|OS Grid: TF 930360||Approx 6.9m 11.1km From the Coast View Google Map|
|Latitude: 52° 53' 11"|
|Longitude:0° 52' 08"|
|Latitude: 52.886||Select another Norfolk Location:|
All of these things can be found in the village of Little Walsingham, which captures the essence of Chaucer's Canterbury Tales. It is a place rich in archaeological treasurers and places of religious and historical interest.
Set in its woodland setting, Little
Walsingham’s main high street is completely medieval,
with red-brick and timber framed houses, whitewashed
fronts and red pantiled roofs. The village has been a
place of pilgrimage since Saxon times through to 1538
and is famous for its Shrine of Our Lady of
The high street broadens out into a square called Common Place, in the middle of which is a 16th century octagonal pump house with an iron brazier on its stone roof, known as ‘The Beacon’. Originally the pump house had a pinnacle but this was broken off in 1900 during some rather rowdy celebrations.
At one time this brazier was the only
form of street lighting in the entire village. Pilgrims
still come to Little Walsingham and the place is busy
from March to November. May we suggest that you take one
of the guided tours as there is so much history in this
little town that you may well miss something otherwise.
The church of St. Mary was built by the canons, but was gutted by fire in 1961 though it has been very well restored. Contained within it is a fine seven sacrament font which was considered so good that a plaster cast was made of it for the great exhibition in 1851, held in the Crystal Place. There is a path which runs south through the fields and is known as the Holy Mile, between Walsingham and the Slipper Chapel. After the Reformation the Slipper Chapel was used as a cowshed but in 1897 it was restored on the private initiative of a local woman. 1934 saw the Roman Catholic church declared it a 'National Shrine'.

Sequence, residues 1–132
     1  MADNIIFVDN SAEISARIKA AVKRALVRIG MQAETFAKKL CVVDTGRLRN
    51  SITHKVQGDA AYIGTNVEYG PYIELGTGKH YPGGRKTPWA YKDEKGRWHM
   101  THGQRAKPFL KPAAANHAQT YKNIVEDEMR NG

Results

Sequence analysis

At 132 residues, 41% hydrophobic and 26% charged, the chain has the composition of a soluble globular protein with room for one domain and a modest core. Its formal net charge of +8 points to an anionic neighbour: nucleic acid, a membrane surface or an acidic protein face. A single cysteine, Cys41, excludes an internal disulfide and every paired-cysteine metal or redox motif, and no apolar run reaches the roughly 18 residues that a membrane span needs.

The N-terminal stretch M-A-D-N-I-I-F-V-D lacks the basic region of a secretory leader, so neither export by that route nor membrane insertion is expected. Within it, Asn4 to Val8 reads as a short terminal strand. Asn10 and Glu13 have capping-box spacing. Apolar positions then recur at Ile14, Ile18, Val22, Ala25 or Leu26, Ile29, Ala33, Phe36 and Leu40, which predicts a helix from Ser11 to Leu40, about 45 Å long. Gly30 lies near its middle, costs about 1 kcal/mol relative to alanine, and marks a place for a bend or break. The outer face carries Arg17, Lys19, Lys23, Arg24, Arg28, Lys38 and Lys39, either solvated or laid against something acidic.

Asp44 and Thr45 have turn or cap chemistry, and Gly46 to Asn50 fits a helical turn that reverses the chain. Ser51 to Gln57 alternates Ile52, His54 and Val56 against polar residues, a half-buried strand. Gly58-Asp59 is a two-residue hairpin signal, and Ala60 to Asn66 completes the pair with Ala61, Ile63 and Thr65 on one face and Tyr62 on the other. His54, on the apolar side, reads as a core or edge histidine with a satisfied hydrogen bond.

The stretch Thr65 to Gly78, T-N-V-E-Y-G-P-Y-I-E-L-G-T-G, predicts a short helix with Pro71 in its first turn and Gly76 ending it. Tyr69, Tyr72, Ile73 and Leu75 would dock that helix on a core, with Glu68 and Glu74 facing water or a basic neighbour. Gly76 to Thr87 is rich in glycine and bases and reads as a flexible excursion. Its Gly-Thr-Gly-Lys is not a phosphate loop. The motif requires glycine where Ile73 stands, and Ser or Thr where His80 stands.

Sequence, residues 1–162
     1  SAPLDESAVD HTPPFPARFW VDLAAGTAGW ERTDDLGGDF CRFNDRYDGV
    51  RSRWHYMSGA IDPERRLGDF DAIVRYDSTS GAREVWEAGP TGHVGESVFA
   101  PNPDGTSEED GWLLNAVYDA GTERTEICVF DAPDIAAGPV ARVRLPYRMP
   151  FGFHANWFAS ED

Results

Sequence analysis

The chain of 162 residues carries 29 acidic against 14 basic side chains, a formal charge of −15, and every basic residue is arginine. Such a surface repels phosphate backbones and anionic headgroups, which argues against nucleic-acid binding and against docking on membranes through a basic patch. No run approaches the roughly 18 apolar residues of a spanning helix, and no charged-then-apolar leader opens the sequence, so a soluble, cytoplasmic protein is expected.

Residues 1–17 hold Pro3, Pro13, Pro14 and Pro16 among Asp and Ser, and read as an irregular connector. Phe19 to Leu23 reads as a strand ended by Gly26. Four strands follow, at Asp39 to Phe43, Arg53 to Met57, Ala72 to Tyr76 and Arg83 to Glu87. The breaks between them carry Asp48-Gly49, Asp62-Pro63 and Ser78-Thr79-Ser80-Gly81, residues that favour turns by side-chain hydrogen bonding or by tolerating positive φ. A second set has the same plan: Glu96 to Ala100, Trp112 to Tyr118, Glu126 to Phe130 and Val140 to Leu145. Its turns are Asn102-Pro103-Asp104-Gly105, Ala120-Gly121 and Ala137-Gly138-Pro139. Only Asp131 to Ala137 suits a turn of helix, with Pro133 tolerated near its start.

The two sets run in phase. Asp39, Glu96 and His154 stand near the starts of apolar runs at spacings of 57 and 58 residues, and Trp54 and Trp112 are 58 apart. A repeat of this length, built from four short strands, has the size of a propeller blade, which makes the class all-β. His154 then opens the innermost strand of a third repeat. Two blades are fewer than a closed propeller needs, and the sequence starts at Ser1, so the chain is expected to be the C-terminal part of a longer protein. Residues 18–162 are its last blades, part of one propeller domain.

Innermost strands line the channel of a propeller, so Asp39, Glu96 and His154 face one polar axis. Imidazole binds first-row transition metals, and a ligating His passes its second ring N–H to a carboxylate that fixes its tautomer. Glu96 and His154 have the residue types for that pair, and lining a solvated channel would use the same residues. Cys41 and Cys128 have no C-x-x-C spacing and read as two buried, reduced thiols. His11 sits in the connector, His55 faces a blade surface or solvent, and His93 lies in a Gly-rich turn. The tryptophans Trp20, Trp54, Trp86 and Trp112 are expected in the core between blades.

Street - the name comes from the
old prison, which is nearby and still has the treadmills
used by the prisoners in it. Designed by John Howard
this place is untouched since it closed in 1861.
goes that in 1061 during the
Crusades Lady Richeldis de Faverches had a vision in
which she was commanded by the Holy Virgin to build a
Santa Casa a replica of Nazareths Holy House where the
Archangel Gabriel appeared to Mary, to inform her of the
coming birth of Jesus. The Virgin indicated to Lady
Richeldis two possible building sites. Lady Richeldis
chose one of the areas and the next day work began. The
tale then says that the night after work had begun, Lady
Richeldis unable to sleep heard singing coming from
outside. She rushed out and saw angels departing
from a completed wooden structure, but not on the first
site but on the second site, beside two holy wells.
After that, miracles began to be associated with this
little wooden building. Eventually the shrine she built
was added to by both the Augustinian and the Franciscan